Op 7 februari 2011 vond er in de DeFKa Campis weer een Slow Art Talk plaats, de derde. Dit keer met docent kunsttheorie Margo Slomp, over engagement en autonomie, met als leidraad een artikel van Paul Chan: ‘What art is and where it belongs’ (E-flux journal #10, November 2009 ). Er waren zo’n twintig mensen aanwezig, waaronder een groot aantal studenten van het FMI.
Een korte impressie door Gert Wijlage:
About autonomy and engagement, about art that can be at best engaged when thoroughly embedded in its own discipline. Or, how you may develop a vision about autonomy and engagement by employing expertly your skills. While at the extreme end of the conversation you can only act as ‘engaged’ because of you knowing and using your art, your craft, your professional, inventive, talents. Such could be considered as a valid practice in the visual arts and architecture.
So, am I as a painter, who is involved in an old and slow medium, partly autonomous and partly engaged in a cultural clash?
Well, let’s see. Because of this intertwining and interdepency of autonomy and engagement, there is this question of being an artist and at the same time being a socio-political person, even if I do not care about any of this theorizing sozialisation. I am a member of a cultural globalized community as soon as I show my works of art (in public). That might frighten me because there is so many art, but it may inspire me too because I can collect easily a lot of interesting information. On top of that I can make my own decisions and choose any theme I like. That’s my Freedom, that’s my Autonomy and if you call me and my autonomous attitude therefore a fine example of capatalistic engaged production, have it your way!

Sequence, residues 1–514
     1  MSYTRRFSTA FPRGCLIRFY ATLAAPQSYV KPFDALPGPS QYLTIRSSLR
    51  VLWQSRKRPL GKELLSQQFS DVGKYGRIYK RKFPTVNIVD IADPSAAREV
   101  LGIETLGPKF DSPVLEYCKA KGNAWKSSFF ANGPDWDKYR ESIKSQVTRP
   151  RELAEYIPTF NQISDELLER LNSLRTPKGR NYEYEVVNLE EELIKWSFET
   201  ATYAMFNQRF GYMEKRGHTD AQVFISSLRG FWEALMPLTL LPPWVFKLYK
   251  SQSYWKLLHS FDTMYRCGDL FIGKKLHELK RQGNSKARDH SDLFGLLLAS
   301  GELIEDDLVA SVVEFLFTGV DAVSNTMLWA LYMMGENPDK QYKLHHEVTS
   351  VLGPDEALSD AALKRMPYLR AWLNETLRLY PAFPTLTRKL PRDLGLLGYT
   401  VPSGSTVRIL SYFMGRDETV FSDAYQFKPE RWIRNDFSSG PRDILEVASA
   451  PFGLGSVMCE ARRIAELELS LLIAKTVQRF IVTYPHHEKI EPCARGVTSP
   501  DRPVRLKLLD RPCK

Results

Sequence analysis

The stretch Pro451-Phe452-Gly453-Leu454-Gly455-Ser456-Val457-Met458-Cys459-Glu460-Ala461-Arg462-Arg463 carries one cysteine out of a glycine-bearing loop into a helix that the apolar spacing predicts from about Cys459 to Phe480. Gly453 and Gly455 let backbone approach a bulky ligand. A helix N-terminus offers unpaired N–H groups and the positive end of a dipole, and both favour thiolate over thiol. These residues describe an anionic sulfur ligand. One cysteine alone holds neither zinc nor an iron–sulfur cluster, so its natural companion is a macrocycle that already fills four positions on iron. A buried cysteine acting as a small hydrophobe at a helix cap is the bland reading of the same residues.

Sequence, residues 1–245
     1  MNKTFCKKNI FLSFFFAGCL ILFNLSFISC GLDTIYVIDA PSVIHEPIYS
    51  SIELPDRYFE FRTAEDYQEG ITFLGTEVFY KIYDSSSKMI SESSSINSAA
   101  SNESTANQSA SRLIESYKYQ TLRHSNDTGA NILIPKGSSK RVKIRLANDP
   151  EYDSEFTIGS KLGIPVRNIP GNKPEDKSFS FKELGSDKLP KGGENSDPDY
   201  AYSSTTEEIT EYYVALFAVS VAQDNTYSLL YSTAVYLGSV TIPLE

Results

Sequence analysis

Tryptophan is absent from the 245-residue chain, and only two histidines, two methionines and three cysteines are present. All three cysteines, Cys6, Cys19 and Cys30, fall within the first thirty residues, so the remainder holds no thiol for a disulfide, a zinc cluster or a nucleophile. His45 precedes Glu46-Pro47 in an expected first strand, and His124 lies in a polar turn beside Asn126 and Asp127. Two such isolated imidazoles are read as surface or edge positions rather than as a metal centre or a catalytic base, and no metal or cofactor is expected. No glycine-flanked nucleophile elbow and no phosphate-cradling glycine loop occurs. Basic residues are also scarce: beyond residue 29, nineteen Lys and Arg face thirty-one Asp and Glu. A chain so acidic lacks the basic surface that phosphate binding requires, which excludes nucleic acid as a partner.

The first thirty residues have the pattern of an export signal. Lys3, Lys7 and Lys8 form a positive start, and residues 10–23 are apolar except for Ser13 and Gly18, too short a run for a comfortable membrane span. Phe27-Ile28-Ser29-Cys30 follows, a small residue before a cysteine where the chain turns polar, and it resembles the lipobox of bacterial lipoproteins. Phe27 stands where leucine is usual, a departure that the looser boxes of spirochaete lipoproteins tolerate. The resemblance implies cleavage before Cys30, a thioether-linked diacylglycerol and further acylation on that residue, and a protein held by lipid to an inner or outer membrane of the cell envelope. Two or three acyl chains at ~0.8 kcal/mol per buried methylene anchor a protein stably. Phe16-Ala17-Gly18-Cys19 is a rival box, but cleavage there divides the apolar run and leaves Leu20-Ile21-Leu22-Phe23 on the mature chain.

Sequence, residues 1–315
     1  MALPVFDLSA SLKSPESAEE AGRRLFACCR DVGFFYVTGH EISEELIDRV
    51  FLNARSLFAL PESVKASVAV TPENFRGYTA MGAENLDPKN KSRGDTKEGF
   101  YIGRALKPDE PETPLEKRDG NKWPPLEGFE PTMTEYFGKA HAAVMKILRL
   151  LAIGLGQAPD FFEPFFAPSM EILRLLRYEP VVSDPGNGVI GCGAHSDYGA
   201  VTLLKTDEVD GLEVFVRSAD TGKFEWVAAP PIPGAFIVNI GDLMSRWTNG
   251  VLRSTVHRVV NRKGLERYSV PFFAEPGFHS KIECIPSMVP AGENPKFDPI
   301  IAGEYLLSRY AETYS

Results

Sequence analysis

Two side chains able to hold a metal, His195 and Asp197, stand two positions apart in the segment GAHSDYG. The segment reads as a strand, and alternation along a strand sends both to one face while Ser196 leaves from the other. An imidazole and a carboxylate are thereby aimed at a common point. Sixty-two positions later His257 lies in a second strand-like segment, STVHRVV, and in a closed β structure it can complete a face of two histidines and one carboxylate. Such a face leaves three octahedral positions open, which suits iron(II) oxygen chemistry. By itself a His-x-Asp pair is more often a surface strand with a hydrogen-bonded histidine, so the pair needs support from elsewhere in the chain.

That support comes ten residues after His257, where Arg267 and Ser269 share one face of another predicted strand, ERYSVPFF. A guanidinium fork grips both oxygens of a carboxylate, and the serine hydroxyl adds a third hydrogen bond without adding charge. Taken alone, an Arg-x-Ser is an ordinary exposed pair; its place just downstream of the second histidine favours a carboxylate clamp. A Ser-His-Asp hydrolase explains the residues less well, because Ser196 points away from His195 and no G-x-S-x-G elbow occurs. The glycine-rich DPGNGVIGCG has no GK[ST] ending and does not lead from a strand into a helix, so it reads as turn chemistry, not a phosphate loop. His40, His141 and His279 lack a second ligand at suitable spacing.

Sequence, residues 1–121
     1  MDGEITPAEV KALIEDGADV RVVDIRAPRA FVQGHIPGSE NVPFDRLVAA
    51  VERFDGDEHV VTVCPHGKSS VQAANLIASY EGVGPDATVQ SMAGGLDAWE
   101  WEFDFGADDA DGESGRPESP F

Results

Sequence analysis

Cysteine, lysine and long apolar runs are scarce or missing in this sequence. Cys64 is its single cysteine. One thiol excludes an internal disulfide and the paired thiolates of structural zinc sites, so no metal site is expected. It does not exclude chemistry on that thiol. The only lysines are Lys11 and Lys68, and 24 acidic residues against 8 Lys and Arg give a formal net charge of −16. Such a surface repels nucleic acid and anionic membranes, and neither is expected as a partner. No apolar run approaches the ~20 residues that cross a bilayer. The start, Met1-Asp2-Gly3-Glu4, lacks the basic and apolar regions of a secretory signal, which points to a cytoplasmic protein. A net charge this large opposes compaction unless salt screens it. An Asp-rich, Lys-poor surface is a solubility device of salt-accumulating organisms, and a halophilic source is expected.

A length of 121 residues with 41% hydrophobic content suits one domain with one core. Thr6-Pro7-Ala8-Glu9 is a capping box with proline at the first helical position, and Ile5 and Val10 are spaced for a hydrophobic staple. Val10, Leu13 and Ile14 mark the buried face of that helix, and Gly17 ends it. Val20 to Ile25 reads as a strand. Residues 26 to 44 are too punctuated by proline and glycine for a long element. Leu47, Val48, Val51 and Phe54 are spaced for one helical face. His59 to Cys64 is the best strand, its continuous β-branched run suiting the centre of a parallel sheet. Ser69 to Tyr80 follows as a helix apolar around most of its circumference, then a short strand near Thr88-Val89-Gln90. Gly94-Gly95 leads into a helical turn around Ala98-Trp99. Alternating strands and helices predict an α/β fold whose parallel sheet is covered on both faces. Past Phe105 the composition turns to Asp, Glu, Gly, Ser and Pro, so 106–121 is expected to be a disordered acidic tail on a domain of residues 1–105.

But keep considering the fact that terms like ‘autonomy’ and ‘truth’ are always relative, relating to contextual circumstances, based on agreement between people rather than correspondence to a fundamental reality. Needless to say we need these terms to create, or to affirm as Badiou might say, a sensibel discourse. In order to come close to or keep to a critical distance all those idealististic, realististic or utopian thoughts.
Yes, yes, there is a turn to dematerialize art in reaction to the mechanisms of the artmarket. But there is also a turn to dive into Matter, into a retro-fordistic workers mentality.
Yes, we need your artcritic friends and philosopher lovers; but why don’t you explain yourself to the audience?
Yes, you may have to choose beween more or less ‘engagement’, because of people ask you about that explicitly. The fact that you operate within a society ‘in this world’, doesn’t tell me anything about the themes you concentrate on. Are you maybe trying to find other ways to spit your anger, your globalized criticism? Outside your profession?
Yes, we can deconstruct this dialectic to a selfcentered relationship. Now what? Does that look an independent rhizome to you? No, I see Paul Chan nowhere.